In a stream cipher, the bytes of the plaintext are usually XORed with the keystream to produce the ciphertext. Would there be anything wrong with adding the bytes instead (with overflow), if adding happened to be faster than XORing on a particular system?


On software platforms, bytewise adding will not be faster than bitwise XORing. It may be a bit slower, though, also this will be negligible with regards to the process which generated the stream (and, for that matter, will probably also be negligible with regards to the memory bandwidth).

On hardware platforms (FPGA, dedicated ASIC), addition is slower than XOR because of the need to propagate carries. A XOR is a simple layer of XOR gates, so it has minimal depth and minimal area; an addition requires more gates (so more area) and carry propagation over $n$-bit words requires a circuit of depth at least $\log n$, so the addition will induce more latency as well. The overhead will be probably limited for mere bytes, but it will never be as efficient as a XOR.

The only kind of architecture where adding would be somewhat faster than XORing would be an architecture which offers addition/subtraction primitives, but not XOR, or not as efficiently. This may be the case for some DSP, or possibly for some Javascript interpreters (in Javascript, numbers are thinly-disguised IEEE 754 floating-point values, and bitwise operations entail conversions to and from integer types). I still think that for most platforms (including recent JIT-able Javascript interpreters), the XOR will not be slower than bytewise addition.

As for security, bytewise addition is as good as XOR. Indeed, XOR is bitwise addition (XOR is the addition in $\mathbb{Z}_2$).

  • $\begingroup$ In fact, on the security side the bytewise addition is superior to the XOR operation. Simply put, with addition modulus 2^n each bit of the key and/or the plaintext has the chance to influence up to n bits of ciper text, which causes better diffusion of input data and complicates attacks on the cipher's output. $\endgroup$
    – JimmyB
    Sep 21 '13 at 22:02
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    $\begingroup$ @HannoBinder If your stream cipher is so broken that this makes a difference, run. $\endgroup$ Oct 23 '13 at 8:57
  • $\begingroup$ Whether your stream cipher is broken or not, ADD does make a difference compared to XOR. This is not about obscuring flaws in the cipher, but about using its output more effectively. $\endgroup$
    – JimmyB
    Oct 25 '13 at 14:41
  • $\begingroup$ I just checked the assembly code generated by MS Visual Studio and two +/- operations are translated into LEA instruction which someone even consideres as 'zero cost' :-) While one ^ remains one XOR. $\endgroup$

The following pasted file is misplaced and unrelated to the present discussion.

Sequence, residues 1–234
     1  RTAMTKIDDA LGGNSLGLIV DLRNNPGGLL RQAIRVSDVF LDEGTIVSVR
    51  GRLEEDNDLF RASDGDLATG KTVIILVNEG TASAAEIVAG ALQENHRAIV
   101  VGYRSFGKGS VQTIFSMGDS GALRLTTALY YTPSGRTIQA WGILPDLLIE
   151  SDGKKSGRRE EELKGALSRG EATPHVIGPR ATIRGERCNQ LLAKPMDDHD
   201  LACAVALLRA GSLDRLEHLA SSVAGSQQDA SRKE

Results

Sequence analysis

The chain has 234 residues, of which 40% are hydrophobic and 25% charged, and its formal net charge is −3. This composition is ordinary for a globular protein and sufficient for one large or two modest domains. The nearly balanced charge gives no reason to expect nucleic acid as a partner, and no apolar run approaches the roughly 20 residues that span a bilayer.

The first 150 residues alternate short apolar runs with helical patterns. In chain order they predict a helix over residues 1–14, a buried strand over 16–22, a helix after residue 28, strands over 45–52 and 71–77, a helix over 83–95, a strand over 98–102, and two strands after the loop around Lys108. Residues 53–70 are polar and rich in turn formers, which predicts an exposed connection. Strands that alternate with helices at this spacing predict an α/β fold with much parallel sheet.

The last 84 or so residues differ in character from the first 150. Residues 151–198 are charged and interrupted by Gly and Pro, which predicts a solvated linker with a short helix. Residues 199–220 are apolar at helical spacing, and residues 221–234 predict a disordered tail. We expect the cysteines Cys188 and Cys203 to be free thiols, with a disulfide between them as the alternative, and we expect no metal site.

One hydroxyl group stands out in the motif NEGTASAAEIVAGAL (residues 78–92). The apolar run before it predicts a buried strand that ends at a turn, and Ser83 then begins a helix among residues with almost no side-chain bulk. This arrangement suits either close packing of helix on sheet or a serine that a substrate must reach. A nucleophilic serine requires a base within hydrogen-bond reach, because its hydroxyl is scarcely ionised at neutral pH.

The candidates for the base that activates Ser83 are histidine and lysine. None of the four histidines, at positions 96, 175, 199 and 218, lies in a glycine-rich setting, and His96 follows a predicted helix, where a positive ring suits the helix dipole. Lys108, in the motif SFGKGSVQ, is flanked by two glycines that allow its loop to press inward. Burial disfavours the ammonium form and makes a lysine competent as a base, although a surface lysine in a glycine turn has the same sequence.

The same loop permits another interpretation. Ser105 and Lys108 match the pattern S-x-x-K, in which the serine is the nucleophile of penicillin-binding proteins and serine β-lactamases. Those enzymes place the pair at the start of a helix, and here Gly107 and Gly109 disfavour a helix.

– user11391
    Jan 12 '14 at 19:39
  • $\begingroup$ So the only objective for the choice of the bitwise operation in a stream cipher is efficieny?Could we use birwise AND/OR as well? $\endgroup$
    – curious
    Feb 22 '14 at 0:37

You can use any invertible operation to apply the key stream to the plaintext for encryption (and use the inverse to apply the key stream to the ciphertext for decryption).

Addition/subtraction are such a pair, but you have to take care for the carry - either use it $\bmod 256$ (i.e. byte-wise), or use it $\bmod 2^n$ with $n$ some block size in bits. Make sure you use the same block size for encryption and decryption. (Use the block size that is native for your platform for optimal performance.)

It does not change anything about security, just the interoperability is more complicated (for XOR it does not matter how many bits you XOR at once, since there is no carry), and performance might differ.

Addition/subtraction might be preferable when your "blocks" are not multiples of whole bits (i.e. where you couldn't do XOR at all), but representable as numbers modulo some value. E.g. in many classical ciphers, which work on a small alphabet, we would have addition modulo 26.


consider you have a key $K$ and plaintext $P$.


$P \oplus K = C$ (cipertext)

$C \oplus K = P$ (plaintext)

Here, algorithms for encryption and decryption are same (thats not true for addition). Also, $\oplus$ (X-OR) is faster than addition on most of the platforms. Additions generates carry forwards, X-OR operation does not.

  • $\begingroup$ Addition and subtraction in GF(2) are both XOR, so it can be implied that the first is addition, and the second is subtraction (or vice versa). It just so happens to be the same thing if we're working in GF(2). $\endgroup$
    – Daffy
    Jan 31 '16 at 6:51

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